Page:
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## Code not converging, help

Beginner
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Hello, i'm a engineer student and never used fortran before. I'm  using it at a class, and we have to solve a 2D transient heat transfer problem. When I run my code, the solution does not converge. I think I am calculating the RMS wrong. Could you give me a hand?

3 Replies
New Contributor II
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Probably nobody will be willing to trace through your code to find your problem, and there is a general reluctance to help students with class assignments.

My advice is to learn to use debugging write statements:

write(*,'(a,i6,2e12.3)') 'This is a debugging message about: ivar, avar, bvar: ',ivar,avar,bvar

Inserting such write statements into your code should help you to find where variables are not taking the values that you expect.

Beginner
160 Views

Thank you

gib wrote:

Probably nobody will be willing to trace through your code to find your problem, and there is a general reluctance to help students with class assignments.

My advice is to learn to use debugging write statements:

write(*,'(a,i6,2e12.3)') 'This is a debugging message about: ivar, avar, bvar: ',ivar,avar,bvar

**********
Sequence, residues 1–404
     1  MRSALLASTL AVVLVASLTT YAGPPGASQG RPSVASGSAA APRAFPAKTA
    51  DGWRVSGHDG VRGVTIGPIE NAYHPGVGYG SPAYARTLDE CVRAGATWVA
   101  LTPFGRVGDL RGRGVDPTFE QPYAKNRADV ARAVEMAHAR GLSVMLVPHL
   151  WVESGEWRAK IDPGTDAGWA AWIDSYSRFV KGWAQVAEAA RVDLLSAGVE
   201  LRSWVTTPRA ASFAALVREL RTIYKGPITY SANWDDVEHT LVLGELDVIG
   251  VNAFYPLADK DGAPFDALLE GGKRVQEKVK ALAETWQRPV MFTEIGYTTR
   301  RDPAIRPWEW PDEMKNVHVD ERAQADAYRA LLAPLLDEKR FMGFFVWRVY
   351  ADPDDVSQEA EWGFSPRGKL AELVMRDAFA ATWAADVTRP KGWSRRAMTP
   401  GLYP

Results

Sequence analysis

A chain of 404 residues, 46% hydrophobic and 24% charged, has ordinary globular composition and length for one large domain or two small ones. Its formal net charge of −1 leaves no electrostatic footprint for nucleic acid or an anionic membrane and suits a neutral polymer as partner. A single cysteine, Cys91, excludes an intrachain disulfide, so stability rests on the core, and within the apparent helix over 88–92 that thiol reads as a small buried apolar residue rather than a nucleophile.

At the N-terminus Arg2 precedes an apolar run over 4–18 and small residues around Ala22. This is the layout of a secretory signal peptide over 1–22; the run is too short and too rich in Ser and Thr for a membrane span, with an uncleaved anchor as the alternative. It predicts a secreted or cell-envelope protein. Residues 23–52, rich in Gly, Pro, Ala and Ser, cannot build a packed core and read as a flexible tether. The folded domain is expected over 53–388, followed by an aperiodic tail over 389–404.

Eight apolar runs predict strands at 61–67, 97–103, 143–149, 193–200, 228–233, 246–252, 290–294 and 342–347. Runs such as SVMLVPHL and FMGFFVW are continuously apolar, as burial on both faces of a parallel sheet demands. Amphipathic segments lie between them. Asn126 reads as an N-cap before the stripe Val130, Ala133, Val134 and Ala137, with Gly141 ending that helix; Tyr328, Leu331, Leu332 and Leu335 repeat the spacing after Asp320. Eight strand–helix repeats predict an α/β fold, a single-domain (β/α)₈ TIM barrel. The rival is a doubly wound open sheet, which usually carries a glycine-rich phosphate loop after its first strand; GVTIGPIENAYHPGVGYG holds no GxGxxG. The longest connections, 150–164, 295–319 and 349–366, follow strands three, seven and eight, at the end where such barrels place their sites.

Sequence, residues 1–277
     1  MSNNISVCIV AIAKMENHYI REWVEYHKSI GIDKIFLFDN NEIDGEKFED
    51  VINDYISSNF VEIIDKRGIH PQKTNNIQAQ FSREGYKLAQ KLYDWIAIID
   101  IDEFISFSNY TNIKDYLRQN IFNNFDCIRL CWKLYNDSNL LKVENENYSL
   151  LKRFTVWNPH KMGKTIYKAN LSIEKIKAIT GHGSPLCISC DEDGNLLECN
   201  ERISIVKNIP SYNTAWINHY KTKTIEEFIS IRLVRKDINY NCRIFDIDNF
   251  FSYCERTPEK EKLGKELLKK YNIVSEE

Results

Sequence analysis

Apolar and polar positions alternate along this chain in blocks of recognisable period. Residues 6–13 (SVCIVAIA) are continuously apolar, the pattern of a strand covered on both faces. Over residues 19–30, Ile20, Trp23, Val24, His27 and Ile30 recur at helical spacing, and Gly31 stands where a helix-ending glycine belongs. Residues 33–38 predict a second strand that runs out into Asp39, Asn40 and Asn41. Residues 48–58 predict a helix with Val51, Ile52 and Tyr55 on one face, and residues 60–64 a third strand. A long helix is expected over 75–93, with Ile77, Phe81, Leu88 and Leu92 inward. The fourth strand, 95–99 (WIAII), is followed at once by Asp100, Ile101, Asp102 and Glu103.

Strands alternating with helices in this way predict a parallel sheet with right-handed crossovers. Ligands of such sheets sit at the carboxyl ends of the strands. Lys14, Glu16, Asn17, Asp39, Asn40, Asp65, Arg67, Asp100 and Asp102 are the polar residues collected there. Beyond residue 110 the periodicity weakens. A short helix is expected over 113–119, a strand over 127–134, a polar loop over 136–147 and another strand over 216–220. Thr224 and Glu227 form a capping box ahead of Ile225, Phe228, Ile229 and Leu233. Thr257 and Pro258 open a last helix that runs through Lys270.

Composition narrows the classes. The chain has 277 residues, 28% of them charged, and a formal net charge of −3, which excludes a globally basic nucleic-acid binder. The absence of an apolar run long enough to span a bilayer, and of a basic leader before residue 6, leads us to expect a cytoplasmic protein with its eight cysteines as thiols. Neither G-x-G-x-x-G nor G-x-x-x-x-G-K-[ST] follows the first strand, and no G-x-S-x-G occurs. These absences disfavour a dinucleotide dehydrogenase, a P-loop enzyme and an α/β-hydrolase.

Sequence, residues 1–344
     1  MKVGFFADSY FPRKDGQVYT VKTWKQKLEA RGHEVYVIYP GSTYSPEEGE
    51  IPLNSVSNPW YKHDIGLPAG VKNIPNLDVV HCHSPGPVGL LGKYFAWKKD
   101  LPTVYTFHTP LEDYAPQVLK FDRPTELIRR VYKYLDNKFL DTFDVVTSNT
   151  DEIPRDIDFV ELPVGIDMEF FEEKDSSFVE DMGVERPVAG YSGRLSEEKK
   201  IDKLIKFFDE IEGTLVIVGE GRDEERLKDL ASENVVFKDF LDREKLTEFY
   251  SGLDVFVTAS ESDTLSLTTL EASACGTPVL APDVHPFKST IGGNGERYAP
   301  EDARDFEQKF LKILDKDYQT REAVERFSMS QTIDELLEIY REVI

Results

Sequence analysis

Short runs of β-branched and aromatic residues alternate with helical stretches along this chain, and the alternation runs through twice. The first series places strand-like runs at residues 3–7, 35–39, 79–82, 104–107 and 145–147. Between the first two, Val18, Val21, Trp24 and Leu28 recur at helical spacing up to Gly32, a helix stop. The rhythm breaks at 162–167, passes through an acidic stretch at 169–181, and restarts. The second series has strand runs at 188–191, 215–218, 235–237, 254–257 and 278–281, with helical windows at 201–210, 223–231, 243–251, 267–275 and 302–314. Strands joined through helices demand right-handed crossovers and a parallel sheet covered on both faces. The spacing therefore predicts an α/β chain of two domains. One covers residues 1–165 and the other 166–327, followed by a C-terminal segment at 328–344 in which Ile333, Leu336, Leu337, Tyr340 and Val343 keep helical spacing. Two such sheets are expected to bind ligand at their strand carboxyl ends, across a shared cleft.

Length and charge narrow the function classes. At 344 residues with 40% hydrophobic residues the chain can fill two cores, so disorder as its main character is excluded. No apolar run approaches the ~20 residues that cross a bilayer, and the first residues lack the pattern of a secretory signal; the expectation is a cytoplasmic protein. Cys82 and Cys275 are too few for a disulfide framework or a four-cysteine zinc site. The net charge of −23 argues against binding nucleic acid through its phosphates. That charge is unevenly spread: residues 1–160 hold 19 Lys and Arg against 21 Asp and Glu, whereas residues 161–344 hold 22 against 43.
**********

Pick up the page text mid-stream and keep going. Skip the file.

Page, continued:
Inserting such write statements into your code should help you to find where variables are not taking the values that you expect.

Black Belt
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You have a tolerance (tol) that is fixed, real, at 9.0D-3

*** Note, both RMS and tol are declared (in all places) as REAL and not REAL(8) (or DOUBLE PRECISION)

You to not state the typical magnitude(s) of RMS.

REAL (single precision) floating point has 7+fraction digits of precision. Assume for the moment your tolerance is 1.0D-2. This means if your RMS is larger than 99999.nn or so, you may never converge.

I suggest you uncomment the write(*,*) residuo statements, then

a) using a data set that converges, make a run, saving the output.
b) then using a data set  that does not converge, make a run, saving the output.

then compare the two outputs. Either the RMS will never converge do to an incorrupt assumption that convergence is at 9.0E-3, or you data is corrupt and producing unusual values.

Jim Dempsey